Figure 4: Bogie model with fixed axles

Figure 4: Bogie model with fixed axles

If there is independent suspension for each axle then they can have an individual joint for each axle and have suspension between that and the bogie.

As the rail joint does not have a 1D connector defining the length along the rail, an additional model was needed to convert the rail motion to a 1D connector to define the position along the rail. This has an optional fixed or force based friction model. The friction model acts as a simplified rail-wheel contact model, with ability for slip and loss of traction.

Figure 5: Rail contact model for fixed axle bogie

Figure 5: Rail contact model for fixed axle bogie


With all the components created, a couple of types of rolling stock were created, one electric locomotive and a freight style car, with no propulsion but with brakes. This was designed to test the propulsion rather than full powertrain. The electric motors were specified to appropriate levels with a single fixed ratio.

The pulled carriage brakes, that are usually pneumatic, are controlled using a real based output from the driver environment.

Figure 6: Electric locomotive

Figure 6: Electric locomotive

Along with all the bench tests of the sub-systems, full train experiments were created, both individual vehicles and assembled trains. The experiment will again look very similar to any VeSyMA user as it has all the same elements with the notable exception of a Rail rather than Road model.

The number of carriages is expandable, with the connect statement looped. This means back of the 1st carriage will connect to the back of the 2nd, the back of the 2nd connected to the front of the 3rd, etc.

Figure 7: Experiment layout with an expandable number of carriages

Figure 7: Experiment layout with an expandable number of carriages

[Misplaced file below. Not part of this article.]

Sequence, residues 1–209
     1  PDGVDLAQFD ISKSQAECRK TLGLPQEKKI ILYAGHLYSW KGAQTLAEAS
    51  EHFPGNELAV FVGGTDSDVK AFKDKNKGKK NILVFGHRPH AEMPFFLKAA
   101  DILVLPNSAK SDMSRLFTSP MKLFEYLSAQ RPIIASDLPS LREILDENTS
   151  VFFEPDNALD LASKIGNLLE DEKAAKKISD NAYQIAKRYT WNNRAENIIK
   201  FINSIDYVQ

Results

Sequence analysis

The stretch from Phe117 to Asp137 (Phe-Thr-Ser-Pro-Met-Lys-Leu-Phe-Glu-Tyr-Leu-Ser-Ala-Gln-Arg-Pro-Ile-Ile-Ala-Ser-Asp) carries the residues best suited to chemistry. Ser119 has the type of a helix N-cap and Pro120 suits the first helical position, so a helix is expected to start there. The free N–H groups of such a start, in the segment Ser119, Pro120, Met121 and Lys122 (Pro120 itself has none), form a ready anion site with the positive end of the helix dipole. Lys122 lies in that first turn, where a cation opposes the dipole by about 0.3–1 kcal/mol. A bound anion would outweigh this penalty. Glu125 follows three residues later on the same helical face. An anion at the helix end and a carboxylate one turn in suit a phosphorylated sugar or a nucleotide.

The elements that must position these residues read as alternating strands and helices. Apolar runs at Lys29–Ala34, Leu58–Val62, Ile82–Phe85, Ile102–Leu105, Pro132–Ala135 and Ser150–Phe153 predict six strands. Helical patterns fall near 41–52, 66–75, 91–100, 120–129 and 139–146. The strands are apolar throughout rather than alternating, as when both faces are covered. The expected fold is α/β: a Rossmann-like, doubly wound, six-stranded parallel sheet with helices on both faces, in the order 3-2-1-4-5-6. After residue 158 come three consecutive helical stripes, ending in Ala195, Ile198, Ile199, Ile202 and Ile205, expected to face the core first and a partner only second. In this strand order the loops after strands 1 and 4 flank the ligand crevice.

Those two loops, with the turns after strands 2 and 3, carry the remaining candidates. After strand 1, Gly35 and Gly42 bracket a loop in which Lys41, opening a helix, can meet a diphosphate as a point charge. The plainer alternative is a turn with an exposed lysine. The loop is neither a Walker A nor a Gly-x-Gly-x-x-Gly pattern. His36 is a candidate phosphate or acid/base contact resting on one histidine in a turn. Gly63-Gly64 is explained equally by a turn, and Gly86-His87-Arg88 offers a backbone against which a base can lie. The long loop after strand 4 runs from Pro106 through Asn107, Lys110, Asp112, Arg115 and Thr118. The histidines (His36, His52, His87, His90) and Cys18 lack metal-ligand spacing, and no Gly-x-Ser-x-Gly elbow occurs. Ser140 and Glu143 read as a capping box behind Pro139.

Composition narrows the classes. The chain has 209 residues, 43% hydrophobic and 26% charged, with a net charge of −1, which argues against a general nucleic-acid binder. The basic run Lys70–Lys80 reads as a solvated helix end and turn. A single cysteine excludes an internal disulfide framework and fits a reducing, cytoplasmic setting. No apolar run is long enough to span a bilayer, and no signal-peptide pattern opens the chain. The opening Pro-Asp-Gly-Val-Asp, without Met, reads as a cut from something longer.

The driver model is a reduced version of the VeSyMA closed loop, as there is no lateral control and no gears, other than reverse.

The train was tested on a 3D rail with banking and turns as shown below. This particular track includes both curves and banking and is a closed circuit so can be run up to any number of cycles.

Video: Driven train around oval at 10x speed

The suspension and powertrain work as expected, with the masses of the bodies rocking on the bogies as it enters and exits the curve. In these low speed and acceleration tests there was no loss of traction but in other tests where higher acceleration is demanded the wheels start to slip.

Further Steps

While this proves the capability to create a train model within Dymola which can be used for energy analysis and systems integration modelling, using VeSyMA components, there are some areas that could be improved if the requirements drive such models to be developed. The main items that will be enhanced for future releases are the rail / wheel contact, adding lash and potentially rail deflection which will influence the torque required to move the train along the rails.

Written by: David Briant – Project Engineer